Holy Names Awarded $5 Million Federal Grant

Dr. Julie Henderson (left) and Rosa Parks in the 90’s. Henderson worked with Parks in Detroit for three years before coming to California to do her doctorate at Stanford University. Parks wrote one of her letters of recommendation. Henderson said, “I developed the philosophical foundation that supported my application for this project from Mrs. Parks who frequently reminded me that it’s the “regular, everyday people who change the world.”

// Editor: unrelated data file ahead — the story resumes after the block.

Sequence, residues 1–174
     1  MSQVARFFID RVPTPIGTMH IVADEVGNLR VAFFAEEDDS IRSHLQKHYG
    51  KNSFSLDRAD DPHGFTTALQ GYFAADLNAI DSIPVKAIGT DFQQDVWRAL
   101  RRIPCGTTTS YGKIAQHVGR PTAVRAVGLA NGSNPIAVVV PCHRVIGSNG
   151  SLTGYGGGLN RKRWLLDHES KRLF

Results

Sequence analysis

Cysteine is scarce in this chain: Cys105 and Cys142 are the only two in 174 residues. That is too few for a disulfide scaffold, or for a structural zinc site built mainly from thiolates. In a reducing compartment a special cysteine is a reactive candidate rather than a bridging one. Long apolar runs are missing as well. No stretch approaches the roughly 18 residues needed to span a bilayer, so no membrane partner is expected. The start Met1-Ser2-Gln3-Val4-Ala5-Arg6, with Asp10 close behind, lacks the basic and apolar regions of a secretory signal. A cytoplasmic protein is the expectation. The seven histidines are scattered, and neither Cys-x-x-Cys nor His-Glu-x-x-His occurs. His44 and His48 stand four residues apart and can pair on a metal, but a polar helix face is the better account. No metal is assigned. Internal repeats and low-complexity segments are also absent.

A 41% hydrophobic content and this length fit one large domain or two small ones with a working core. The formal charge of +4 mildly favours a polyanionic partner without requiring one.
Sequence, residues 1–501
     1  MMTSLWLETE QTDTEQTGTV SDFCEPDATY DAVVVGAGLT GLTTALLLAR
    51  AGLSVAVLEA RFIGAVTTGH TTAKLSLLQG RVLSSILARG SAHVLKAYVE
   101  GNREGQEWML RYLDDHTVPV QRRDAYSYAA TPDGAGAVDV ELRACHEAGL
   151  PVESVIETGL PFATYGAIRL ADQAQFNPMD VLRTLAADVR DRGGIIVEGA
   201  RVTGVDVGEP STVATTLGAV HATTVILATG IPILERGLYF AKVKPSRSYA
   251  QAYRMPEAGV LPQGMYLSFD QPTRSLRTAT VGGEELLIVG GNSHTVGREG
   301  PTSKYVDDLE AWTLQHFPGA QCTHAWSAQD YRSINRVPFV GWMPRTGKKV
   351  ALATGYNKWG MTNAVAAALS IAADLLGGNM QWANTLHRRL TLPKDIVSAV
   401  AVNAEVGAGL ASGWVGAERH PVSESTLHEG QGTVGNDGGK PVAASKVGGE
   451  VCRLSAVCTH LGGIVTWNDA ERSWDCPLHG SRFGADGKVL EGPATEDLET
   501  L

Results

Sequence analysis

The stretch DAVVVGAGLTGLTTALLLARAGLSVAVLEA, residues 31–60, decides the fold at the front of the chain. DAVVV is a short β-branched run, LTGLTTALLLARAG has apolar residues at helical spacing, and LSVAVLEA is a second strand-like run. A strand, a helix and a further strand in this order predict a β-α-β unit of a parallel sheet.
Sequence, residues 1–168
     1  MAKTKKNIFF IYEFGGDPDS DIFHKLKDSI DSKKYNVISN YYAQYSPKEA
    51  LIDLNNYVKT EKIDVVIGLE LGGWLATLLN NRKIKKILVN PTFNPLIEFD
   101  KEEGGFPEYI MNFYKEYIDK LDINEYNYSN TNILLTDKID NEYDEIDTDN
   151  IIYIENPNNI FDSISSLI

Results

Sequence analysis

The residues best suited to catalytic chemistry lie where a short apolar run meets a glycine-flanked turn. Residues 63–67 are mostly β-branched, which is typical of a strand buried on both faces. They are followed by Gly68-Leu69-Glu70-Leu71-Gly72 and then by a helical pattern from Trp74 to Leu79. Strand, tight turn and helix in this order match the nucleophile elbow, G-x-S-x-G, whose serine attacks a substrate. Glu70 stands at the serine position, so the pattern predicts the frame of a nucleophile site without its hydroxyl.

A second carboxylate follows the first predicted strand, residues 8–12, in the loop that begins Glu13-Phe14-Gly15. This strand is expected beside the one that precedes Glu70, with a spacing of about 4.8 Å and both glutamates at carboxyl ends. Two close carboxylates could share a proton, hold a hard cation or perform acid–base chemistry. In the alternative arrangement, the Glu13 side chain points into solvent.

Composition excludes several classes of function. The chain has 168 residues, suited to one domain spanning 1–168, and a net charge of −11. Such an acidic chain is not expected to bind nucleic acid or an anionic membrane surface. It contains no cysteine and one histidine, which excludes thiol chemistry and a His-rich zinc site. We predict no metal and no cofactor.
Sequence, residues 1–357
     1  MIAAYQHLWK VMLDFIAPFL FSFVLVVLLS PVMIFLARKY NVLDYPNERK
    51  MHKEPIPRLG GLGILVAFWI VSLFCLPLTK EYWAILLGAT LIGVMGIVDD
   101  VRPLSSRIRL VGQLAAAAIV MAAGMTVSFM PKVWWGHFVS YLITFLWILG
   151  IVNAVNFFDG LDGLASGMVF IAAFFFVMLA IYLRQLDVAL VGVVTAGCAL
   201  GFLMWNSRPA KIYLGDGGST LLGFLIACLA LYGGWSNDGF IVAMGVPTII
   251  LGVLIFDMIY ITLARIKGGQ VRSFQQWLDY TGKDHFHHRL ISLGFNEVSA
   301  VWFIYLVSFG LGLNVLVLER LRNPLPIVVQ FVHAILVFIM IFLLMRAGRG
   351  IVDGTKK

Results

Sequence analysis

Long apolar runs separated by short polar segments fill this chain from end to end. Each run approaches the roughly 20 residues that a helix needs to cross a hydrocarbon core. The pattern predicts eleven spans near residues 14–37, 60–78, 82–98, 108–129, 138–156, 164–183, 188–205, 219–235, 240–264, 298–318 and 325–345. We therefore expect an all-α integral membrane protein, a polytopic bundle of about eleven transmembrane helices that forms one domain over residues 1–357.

Holy Names University (HNU) was awarded a five-year, $5.1 million Transition to Teaching Grant by the U.S. Department of Education – one of the five awarded in California. The Transition to Teaching program supports efforts to recruit mid-career professionals and recent graduates with degrees outside of education into the teaching profession. It helps these recruits to become teachers through alternative certification routes. The program also emphasizes the placement of teachers in high-need schools. This grant expands HNU’s teacher certification program by focusing on the recruitment and training of culturally and linguistically diverse students. It aims to increase the number of teachers from under represented groups to work in some of California’s highest-needs schools, including the Oakland Unified, West Contra Costa and Hayward Unified School Districts. “I pursued this grant because I learned a long time ago, both as a teacher and school principal, that it takes 3-5 years of work in schools to become a really good teacher – the kind of teacher who knows and cares as much about their students and the community as s/he does the subject matter… and who considers this ‘job’ to be a spiri¬tual vocation,” said Dr. Julie Henderson, Assistant Professor of Education and the program’s founder and director. “Our undergraduates already embody that kind of caring and community commitment, so helping them to become teachers by giving scholarships and providing strong mentors is a win-win for everyone,” she said. “Five years from now, we will have prepared at least 150 HNU graduates to be outstand¬ing teachers for Oakland, Hayward and West Contra Costa.”
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